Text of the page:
You had a family ?
Yes, three girls over the years. Three girls were born to us and one died during the River Plate affair.
Yes I want to ask you about that later on if I may.
You went to HMS Dunedin ?
HMS Dunedin yes.
She had replaced Chatham had she ?
She replaced Chatham while I was in England. Chatham was a good ship, a very good ship. She was replaced later by, not replaced, she was joined later by Diomede. The Diomede and Chatham were well known around New Zealand and around the Pacific for quite a few years after that. They were good ships to be in, they were comfortable, a little cramped but they were comfortable and everybody was happy.
There is one thing about the New Zealand Navy is that in my Naval experience which lasted of course from 1921 until 1945, the average New Zealand sailor was a very happy man. His pay wasn’t all that excellent. In fact we were chopped during another depression 10% which we never got back. This caused one day prior to the Second World War the first and the only open mutiny I ever saw in the New Zealand Navy. I did go through the mutiny in the British Navy during my period over there. The British Navy went on strike and they had a lot of difficulty convincing the sailors that they are not allowed to go on strike and all the rest of it.
Was that the time of Invergordon you are talking about ?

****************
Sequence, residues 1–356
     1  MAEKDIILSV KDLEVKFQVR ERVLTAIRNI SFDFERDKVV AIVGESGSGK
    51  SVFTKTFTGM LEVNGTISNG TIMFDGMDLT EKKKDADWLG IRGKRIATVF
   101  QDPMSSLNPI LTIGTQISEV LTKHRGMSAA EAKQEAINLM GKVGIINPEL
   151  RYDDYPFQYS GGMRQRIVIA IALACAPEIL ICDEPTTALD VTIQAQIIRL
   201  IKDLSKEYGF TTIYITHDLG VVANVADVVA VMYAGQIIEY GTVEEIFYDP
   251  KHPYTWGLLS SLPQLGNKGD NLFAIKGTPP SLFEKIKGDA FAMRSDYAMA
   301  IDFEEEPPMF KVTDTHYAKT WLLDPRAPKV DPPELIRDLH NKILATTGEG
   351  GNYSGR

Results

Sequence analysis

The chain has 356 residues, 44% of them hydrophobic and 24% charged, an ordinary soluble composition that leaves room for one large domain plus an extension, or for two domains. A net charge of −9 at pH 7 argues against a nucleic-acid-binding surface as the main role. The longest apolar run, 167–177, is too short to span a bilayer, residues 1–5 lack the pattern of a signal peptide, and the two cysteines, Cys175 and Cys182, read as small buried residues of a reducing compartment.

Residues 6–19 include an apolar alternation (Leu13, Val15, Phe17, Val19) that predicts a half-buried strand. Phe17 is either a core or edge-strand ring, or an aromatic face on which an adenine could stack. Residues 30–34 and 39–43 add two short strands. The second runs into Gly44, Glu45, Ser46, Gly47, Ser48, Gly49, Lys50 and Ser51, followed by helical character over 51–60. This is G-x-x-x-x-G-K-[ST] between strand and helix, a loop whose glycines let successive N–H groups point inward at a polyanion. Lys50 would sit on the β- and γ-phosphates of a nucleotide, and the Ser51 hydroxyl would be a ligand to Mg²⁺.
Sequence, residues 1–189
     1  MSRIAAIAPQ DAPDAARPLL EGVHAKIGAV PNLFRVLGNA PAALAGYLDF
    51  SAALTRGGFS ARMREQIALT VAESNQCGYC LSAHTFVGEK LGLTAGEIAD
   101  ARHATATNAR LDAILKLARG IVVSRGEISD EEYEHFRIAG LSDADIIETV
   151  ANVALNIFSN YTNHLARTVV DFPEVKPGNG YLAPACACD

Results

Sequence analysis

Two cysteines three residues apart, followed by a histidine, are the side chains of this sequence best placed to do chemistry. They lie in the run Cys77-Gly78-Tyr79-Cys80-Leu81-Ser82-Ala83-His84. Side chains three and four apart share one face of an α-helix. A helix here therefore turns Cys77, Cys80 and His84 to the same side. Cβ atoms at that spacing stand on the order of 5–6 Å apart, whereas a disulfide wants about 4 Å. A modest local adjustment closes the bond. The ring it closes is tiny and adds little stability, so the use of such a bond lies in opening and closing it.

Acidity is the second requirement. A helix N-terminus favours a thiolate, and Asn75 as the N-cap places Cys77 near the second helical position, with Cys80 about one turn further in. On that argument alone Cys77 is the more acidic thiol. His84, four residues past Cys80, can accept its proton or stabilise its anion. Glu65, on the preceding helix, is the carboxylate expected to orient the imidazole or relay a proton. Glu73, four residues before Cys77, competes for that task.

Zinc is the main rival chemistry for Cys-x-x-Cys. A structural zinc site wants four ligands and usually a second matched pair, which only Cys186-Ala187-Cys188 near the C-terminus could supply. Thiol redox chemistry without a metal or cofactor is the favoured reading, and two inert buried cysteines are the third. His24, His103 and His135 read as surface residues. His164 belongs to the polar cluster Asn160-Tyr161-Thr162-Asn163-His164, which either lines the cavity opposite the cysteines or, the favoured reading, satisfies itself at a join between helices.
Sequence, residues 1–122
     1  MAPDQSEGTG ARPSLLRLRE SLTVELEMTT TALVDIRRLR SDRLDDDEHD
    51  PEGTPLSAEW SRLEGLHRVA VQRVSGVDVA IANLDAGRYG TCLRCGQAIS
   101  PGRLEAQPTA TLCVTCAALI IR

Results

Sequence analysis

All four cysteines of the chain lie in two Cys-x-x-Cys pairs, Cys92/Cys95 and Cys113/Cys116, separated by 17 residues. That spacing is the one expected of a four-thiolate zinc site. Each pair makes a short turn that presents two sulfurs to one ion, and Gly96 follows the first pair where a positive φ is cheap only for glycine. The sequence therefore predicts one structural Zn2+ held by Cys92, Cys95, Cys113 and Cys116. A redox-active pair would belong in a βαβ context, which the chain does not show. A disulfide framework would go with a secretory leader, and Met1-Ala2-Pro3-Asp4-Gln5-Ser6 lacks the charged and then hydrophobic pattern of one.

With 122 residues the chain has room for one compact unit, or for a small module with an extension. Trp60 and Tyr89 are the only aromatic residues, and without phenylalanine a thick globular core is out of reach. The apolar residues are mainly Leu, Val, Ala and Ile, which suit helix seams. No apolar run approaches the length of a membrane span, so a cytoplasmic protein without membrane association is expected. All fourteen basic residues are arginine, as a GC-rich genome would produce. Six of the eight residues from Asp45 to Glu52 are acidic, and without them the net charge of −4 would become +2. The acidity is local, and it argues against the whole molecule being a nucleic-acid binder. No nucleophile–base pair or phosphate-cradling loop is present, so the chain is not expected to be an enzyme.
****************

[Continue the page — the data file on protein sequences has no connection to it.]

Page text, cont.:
I am just coming to that. I will tell you that. I will jump in here.
When we were in Invergordon I was still on the Revenge and I went up on to the Flag Deck one morning for colours which was my job. There wasn’t anybody around. I can tell you this nobody said a word to me, I didn’t know what was going on, I was absolutely green. I appeared on the Flag Deck, it was a big Flag Deck, huge ship. I appeared on the Flag Deck and was all ready to grasp the ensign and take it aft and hoist it myself, I was still then a Signalman, I hadn’t been rated and my job was to hoist the ensign. Well there was nobody there to help me, and I didn’t see a soul on the ships bridge and we usually had 15 men in a watch. It wasn’t until I had been on deck and wondering what on earth was going on, I looked across at the accompanying destroyers and cruisers and battleships and the usual collection of Naval vessels at Invergordon. Nothing was doing all was quiet, no ensigns were hoisted. Then the Quarter Deck phone rang and a voice said “Officer of the Watch speaking”, I can hear him now and I said told him who I was, and he said “bring the ensign aft”, we will hoist it and we did it ourselves. It wasn’t until then that I realized the whole dammed Fleet was on strike.
What year was that ?
It would be about 31, no before that 31, no 31 was the big earthquake in Napier.
Sorry you were changing your mind it was ….